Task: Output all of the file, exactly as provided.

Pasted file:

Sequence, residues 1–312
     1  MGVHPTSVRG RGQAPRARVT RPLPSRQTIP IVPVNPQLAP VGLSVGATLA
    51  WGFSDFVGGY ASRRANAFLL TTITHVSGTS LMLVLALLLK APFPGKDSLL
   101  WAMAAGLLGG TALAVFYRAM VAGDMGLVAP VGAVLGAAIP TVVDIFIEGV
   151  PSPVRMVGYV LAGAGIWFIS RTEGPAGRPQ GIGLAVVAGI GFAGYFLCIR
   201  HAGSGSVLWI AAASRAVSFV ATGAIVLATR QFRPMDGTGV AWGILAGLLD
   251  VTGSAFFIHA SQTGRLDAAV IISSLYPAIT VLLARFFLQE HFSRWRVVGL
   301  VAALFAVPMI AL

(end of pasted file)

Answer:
Sequence, residues 1–312
     1  MGVHPTSVRG RGQAPRARVT RPLPSRQTIP IVPVNPQLAP VGLSVGATLA
    51  WGFSDFVGGY ASRRANAFLL TTITHVSGTS LMLVLALLLK APFPGKDSLL
   101  WAMAAGLLGG TALAVFYRAM VAGDMGLVAP VGAVLGAAIP TVVDIFIEGV
   151  PSPVRMVGYV LAGAGIWFIS RTEGPAGRPQ GIGLAVVAGI GFAGYFLCIR
   201  HAGSGSVLWI AAASRAVSFV ATGAIVLATR QFRPMDGTGV AWGILAGLLD
   251  VTGSAFFIHA SQTGRLDAAV IISSLYPAIT VLLARFFLQE HFSRWRVVGL
   301  VAALFAVPMI AL